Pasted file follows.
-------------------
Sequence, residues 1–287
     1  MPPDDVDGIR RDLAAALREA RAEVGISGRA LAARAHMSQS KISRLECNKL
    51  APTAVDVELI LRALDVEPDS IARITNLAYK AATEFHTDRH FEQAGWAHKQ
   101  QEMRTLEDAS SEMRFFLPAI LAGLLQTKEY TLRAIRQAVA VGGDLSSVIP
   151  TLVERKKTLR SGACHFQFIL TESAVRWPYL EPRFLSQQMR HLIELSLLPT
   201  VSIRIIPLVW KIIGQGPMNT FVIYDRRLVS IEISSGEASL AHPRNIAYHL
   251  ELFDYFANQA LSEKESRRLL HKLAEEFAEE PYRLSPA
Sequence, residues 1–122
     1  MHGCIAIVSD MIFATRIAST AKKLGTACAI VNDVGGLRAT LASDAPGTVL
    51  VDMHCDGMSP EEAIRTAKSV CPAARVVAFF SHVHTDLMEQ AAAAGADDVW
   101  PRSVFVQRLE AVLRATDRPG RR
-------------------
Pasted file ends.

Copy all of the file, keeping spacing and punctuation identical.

Sequence, residues 1–287
     1  MPPDDVDGIR RDLAAALREA RAEVGISGRA LAARAHMSQS KISRLECNKL
    51  APTAVDVELI LRALDVEPDS IARITNLAYK AATEFHTDRH FEQAGWAHKQ
   101  QEMRTLEDAS SEMRFFLPAI LAGLLQTKEY TLRAIRQAVA VGGDLSSVIP
   151  TLVERKKTLR SGACHFQFIL TESAVRWPYL EPRFLSQQMR HLIELSLLPT
   201  VSIRIIPLVW KIIGQGPMNT FVIYDRRLVS IEISSGEASL AHPRNIAYHL
   251  ELFDYFANQA LSEKESRRLL HKLAEEFAEE PYRLSPA
Sequence, residues 1–122
     1  MHGCIAIVSD MIFATRIAST AKKLGTACAI VNDVGGLRAT LASDAPGTVL
    51  VDMHCDGMSP EEAIRTAKSV CPAARVVAFF SHVHTDLMEQ AAAAGADDVW
   101  PRSVFVQRLE AVLRATDRPG RR